Abstract

From the Devonian to possibly the early Carboniferous, the Arabian and adjacent plates were structurally affected by a regional Hercynian (Variscan) tectonic event. This tectonic event is interpreted to be the crustal response to regional compression caused by the initiation of subduction of the Palaeo-Tethyan oceanic crust near the margin of Gondwana along Turkey and Iran. The uplifted areas associated with this tectonic event were largely eroded during the late Carboniferous and early Permian when glacio-fluviatile and marginal marine conditions prevailed.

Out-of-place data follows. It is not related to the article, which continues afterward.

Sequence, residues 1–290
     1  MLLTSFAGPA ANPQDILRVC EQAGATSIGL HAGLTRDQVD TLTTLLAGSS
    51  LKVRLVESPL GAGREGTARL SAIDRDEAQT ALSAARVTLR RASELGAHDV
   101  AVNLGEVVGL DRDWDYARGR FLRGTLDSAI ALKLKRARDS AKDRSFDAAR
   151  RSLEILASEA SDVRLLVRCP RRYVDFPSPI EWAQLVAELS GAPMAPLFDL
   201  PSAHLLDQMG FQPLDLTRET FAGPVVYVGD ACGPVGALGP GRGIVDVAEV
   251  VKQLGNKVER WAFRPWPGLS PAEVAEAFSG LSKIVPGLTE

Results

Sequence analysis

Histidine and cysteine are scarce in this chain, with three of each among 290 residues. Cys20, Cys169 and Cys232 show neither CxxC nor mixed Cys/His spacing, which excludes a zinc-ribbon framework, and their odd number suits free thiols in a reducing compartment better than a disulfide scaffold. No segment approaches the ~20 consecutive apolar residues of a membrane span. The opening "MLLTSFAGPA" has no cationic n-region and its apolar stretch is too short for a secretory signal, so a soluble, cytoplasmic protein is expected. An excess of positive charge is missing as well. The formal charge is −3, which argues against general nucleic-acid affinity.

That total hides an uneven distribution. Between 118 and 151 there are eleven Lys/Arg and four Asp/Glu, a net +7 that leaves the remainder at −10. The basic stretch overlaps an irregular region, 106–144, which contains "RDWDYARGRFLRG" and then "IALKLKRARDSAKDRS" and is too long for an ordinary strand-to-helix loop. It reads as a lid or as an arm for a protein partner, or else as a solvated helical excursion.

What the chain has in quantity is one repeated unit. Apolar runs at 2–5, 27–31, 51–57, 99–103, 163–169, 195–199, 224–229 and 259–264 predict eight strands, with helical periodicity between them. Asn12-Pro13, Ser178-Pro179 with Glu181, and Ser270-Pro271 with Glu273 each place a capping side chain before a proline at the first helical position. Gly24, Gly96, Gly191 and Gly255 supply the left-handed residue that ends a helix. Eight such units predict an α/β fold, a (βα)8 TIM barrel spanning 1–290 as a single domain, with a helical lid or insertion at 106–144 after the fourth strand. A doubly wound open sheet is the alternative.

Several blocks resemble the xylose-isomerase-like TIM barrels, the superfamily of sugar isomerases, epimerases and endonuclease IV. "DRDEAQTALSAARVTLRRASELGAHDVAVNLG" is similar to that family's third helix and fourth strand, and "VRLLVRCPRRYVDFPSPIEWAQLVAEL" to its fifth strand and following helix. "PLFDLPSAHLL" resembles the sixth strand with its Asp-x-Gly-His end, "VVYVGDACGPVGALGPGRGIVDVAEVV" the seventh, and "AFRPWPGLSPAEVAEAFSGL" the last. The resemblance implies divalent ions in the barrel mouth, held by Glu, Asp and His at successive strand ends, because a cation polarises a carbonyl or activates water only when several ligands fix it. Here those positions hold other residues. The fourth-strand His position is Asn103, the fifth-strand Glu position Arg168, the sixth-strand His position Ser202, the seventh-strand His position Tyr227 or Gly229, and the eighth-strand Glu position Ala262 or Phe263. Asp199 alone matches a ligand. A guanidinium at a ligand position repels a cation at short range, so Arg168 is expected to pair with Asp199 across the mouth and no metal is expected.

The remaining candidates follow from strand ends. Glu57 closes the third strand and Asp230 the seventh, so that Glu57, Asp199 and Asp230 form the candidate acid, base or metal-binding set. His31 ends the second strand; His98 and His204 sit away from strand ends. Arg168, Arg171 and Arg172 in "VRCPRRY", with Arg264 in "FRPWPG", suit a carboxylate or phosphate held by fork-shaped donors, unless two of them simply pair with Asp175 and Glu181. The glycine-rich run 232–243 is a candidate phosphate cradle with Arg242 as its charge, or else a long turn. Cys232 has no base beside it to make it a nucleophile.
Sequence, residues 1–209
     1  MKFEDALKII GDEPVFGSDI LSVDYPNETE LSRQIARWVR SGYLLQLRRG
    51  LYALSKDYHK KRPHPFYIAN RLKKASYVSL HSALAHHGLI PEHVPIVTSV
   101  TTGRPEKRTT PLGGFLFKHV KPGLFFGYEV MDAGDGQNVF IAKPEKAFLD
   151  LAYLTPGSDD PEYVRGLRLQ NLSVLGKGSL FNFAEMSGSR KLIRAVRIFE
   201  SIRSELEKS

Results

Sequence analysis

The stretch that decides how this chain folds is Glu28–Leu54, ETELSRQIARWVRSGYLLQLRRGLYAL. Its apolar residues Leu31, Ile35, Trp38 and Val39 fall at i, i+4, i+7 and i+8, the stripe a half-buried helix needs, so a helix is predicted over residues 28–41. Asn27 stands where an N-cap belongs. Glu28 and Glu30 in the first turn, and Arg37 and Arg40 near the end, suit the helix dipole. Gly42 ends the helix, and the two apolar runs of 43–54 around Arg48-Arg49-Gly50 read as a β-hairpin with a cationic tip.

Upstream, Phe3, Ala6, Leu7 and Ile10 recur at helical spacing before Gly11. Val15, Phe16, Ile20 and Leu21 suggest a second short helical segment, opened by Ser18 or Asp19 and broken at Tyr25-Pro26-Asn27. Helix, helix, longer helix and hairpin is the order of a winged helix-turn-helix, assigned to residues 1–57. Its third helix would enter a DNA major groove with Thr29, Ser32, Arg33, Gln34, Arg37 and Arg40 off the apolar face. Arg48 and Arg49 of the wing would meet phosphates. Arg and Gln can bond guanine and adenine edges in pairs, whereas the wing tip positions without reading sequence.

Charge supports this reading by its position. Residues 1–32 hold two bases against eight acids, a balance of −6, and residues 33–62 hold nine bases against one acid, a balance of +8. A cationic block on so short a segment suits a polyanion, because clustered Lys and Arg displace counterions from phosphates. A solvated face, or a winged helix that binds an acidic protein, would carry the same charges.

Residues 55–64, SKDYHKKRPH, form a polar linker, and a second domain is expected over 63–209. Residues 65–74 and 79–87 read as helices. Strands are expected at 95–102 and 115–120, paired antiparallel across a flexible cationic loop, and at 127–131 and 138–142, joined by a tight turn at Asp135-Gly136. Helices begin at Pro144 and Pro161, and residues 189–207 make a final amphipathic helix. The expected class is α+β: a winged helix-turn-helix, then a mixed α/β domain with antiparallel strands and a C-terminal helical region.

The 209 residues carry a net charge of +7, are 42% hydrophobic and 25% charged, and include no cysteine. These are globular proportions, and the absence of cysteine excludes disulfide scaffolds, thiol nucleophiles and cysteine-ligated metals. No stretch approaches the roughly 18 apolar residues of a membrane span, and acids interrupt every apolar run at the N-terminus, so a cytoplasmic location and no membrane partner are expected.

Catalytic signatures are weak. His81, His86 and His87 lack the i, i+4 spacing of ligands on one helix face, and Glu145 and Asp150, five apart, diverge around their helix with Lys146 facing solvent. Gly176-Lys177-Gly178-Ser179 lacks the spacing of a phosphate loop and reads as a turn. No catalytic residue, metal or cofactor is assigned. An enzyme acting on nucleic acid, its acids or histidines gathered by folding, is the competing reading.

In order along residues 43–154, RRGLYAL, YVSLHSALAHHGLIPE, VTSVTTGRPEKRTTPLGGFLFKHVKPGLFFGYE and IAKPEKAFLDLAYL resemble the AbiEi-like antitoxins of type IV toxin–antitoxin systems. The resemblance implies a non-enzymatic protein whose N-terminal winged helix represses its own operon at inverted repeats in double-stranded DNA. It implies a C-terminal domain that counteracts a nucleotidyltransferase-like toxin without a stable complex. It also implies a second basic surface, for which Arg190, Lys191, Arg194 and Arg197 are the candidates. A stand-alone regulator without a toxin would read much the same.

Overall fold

The Palaeozoic era closed in the late Permian with a major transgression which deposited massive carbonates over most of a peneplaned Arabian plate. Also in late Permian, as well as Triassic, active rifting along the Zagros suture projected extensional stresses across the Arabian plate causing substantial extensional movements along most major basement-controlled, fault systems.

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